and a theatre.
From the 1990s to the 2000s, the houses that were built and owned by
the council were transferred to the control of local housing
associations , such as
Willow Park in east
Wythenshawe and Parkway
Green in west Wythenshawe. These two associations merged in 2013 to
Wythenshawe Community Housing Group which is now responsible
for around 14,000 homes in Wythenshawe.
In 2007 _
The New York Times _ described the housing estates in
Wythenshawe as representing an "extreme pocket of social deprivation
Most of the farm buildings in the
Wythenshawe area were demolished
when the estate was built. Some of them (e.g. Hollyhedge Farm, Floats
Hall) were left among the houses but suffered from vandalism and had
to be demolished later. Some of the present housing estates were named
after former farms.
Peel Hall Farm (which had a moat ) survived for over 20 years as its
occupant lived on the proceeds of selling his land, but soon after he
left, the property was vandalised and had to be demolished.
Newall Green Farm survived on the edge of the
Newall Green housing
estate area, and was still occupied and run as a farm until the early
21st century when its last occupant died, after which it was abandoned
and fenced off. The buildings are listed . In 2006 a firm bought
Newall Green Farm's buildings from
Manchester Corporation. On 21 June
2014 vandals set fire to
Newall Green Farm, and its roof was
destroyed; though there are plans to turn the buildings into a care
home for adults with learning disabilities , and a working farm and a
Newall Green Primary School is the only school in Europe which is
built inside the park.
Wythenshawe has 12 parks and 18 woodland areas including Wythenshawe
Park, which was designated a
Local Nature Reserve
Local Nature Reserve in 2011. It covers
over 270 acres (110 ha) of green space and is home to Manchester's
only community farm,
Wythenshawe community farm . At the centre of the
park is the historic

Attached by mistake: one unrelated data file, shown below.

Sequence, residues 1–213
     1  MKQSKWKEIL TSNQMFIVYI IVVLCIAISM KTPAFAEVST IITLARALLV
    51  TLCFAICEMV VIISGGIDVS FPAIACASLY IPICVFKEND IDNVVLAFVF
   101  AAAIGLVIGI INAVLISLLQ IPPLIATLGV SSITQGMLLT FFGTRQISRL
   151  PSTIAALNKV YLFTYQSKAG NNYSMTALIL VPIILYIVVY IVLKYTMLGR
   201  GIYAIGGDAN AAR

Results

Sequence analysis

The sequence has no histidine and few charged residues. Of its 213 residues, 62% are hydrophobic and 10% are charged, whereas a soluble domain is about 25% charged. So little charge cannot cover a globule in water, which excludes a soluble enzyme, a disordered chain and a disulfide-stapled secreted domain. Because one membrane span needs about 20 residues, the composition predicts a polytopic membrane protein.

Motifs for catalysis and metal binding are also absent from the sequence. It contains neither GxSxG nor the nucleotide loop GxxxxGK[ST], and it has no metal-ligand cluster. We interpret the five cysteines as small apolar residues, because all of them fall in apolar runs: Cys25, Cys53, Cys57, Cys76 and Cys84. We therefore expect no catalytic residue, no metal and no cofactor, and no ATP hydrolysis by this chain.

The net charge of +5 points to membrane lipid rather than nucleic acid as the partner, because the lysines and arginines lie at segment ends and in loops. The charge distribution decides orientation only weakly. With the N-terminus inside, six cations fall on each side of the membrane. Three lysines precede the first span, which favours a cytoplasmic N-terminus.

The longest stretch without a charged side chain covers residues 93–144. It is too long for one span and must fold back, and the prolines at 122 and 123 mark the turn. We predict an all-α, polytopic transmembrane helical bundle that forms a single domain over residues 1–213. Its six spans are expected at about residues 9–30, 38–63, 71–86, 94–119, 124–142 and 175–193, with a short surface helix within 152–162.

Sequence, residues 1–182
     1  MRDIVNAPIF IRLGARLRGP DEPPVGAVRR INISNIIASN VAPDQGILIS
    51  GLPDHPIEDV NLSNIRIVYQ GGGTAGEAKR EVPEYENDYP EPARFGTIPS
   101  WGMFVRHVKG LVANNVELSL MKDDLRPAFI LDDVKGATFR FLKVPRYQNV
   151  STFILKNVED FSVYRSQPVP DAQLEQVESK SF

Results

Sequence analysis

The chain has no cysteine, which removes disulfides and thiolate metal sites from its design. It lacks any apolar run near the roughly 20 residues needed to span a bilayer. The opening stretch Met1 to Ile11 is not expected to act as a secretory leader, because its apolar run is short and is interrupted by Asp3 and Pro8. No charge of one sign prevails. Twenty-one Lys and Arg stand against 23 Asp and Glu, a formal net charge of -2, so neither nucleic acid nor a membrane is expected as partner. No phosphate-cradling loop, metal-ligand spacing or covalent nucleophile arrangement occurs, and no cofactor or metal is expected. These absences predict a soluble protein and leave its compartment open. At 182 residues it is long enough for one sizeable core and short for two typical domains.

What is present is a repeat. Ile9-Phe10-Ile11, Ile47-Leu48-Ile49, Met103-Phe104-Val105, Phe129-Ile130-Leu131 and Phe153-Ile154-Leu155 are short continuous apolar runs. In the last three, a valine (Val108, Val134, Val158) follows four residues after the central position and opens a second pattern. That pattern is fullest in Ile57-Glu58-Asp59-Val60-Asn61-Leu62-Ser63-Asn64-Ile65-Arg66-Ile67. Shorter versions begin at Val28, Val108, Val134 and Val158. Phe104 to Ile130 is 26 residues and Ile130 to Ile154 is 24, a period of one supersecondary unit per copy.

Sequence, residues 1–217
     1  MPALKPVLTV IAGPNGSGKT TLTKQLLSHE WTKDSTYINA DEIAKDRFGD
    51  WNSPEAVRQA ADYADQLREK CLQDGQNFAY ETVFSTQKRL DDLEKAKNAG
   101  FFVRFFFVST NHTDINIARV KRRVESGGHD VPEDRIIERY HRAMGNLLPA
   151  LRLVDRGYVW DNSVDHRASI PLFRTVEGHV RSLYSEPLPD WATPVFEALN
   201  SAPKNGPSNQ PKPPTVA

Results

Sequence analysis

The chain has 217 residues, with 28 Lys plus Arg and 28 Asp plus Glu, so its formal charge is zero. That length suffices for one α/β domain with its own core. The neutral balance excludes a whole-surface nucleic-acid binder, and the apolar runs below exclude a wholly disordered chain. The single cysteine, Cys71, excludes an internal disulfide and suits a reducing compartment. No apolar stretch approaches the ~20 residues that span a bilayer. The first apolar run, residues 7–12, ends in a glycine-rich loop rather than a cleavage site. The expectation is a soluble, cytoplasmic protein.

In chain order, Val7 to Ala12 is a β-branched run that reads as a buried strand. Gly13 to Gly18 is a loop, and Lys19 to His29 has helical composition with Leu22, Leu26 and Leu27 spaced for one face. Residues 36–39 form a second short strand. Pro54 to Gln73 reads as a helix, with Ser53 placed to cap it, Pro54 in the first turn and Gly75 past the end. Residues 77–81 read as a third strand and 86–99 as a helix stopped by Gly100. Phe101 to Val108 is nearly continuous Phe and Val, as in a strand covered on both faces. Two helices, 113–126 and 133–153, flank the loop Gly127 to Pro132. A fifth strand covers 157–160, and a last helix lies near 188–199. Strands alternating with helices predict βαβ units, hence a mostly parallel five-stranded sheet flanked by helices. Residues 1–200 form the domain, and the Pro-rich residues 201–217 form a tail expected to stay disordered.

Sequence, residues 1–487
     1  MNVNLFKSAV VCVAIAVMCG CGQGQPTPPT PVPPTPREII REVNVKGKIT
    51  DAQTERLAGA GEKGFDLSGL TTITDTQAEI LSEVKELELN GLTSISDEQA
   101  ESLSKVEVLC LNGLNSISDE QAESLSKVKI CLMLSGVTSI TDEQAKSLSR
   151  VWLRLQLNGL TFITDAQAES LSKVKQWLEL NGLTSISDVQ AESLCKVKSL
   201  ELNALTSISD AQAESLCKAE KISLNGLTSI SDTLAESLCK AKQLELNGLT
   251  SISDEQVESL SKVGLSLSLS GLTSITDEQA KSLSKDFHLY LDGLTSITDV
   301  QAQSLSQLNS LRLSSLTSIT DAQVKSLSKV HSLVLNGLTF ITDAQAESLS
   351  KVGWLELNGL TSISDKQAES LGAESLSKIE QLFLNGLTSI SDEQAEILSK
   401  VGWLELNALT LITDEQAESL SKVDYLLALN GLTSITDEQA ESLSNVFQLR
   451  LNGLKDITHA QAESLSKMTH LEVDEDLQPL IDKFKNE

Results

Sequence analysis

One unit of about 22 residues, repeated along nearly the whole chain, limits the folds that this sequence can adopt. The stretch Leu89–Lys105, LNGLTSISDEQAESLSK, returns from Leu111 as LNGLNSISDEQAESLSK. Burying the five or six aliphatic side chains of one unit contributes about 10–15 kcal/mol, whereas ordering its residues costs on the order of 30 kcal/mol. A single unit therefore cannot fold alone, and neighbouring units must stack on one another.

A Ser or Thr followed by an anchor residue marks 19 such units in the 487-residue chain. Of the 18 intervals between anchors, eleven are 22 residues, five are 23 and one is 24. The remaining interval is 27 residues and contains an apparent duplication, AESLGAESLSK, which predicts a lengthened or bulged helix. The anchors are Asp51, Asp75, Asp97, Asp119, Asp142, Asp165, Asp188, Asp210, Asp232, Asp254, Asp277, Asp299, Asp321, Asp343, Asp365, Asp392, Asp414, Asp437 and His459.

Wythenshawe Hall with its Civil War and Tatton
heritage. The park also has riding stables, a horticulture centre,
children's play area, athletics track, football pitches, tennis
courts, bowls and golfing facilities.
Other parks include Hollyhedge Park, Peel Hall Park, Painswick Park
Baguley Park. Northenden's Riverside Park is the first new park to
be established in the city in the 21st century.
The district is under the authority of
Manchester City Council .
Wythenshawe was a parliamentary constituency created in
1950 and represented by
Alf Morris of the Labour Party between 1964
and 1997. Before the 1997 election, the boundaries were redrawn and
part of the neighbouring area of Sale included in the seat. The
constituency is now called
Wythenshawe and Sale East . In the same
Alf Morris stepped down and was replaced by
Paul Goggins . It is
still considered a safe Labour seat, with Labour securing over 50% of
the vote (and more than twice as many votes as its nearest rival) in
the 1997, 2001 and 2005 elections . Labour kept the seat in the 2010
elections, though their share of the vote was decreased to 44.1%. In
early 2014, following the death of Paul Goggins, a by-election was
held . Labour candidate
Mike Kane (a former
until 2008) won the seat with 55.3% of the vote, though voter turnout
was low (28%).
At the time of the 2001 UK Census ,
Wythenshawe was divided into six
local government wards :
Woodhouse Park and Brooklands (the latter being an area divided with
the neighbouring borough of
Trafford ). Each ward was represented by
three local councillors, giving
Wythenshawe 21 of the 99 seats on
Manchester City Council. Following a review by the Boundary Committee
England published in 2003, the ward of
Benchill was abolished, and
its former territory was divided between the wards of Northenden,
Sharston, and Woodhouse Park.
Wythenshawe typically returns all Labour councillors in local
elections, although in the 2008 elections the Liberal Democrats gained
a seat in
Northenden and a second seat (in the same area) in the 2010
elections . Labour regained these seats in the 2012 and 2014 elections
Wythenshawe is 8 miles (13 km) south of the city centre and is the
southernmost district of Manchester. It is surrounded by some of the
most affluent areas in the UK.
Altrincham and Hale lie to the
south-west, Sale to the north-west and Cheadle to the east. Manchester
Airport , the third largest in the UK, is immediately to the south.
SHADOW MOSS is an area south of Ringway Road in the southeast corner
of Wythenshawe. On this old map of
Wythenshawe it is roughly the
rectangular area between three country lanes with HEYHEAD at its
northwest corner. On modern maps, its north edge is the southern
branch of Ringway Road. It was partly in
Northen Etchells township and
Styal parish. For many centuries it was a peat bog which was
dug for peat fuel, locally called "turf"; local manorial law said that
after digging peat the top living plant layer had to be lodged back to
let more peat form afterwards. Each man's allocated part of the Moss
was called his "moss room".